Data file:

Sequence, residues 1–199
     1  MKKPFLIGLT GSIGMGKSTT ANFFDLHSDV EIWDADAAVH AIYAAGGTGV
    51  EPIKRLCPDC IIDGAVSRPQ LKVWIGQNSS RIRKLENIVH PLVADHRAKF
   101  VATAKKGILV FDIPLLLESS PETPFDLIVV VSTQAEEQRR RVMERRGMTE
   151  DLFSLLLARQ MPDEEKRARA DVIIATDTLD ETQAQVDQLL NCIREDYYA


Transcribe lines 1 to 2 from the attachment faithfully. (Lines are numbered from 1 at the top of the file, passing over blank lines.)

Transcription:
Sequence, residues 1–199
     1  MKKPFLIGLT GSIGMGKSTT ANFFDLHSDV EIWDADAAVH AIYAAGGTGV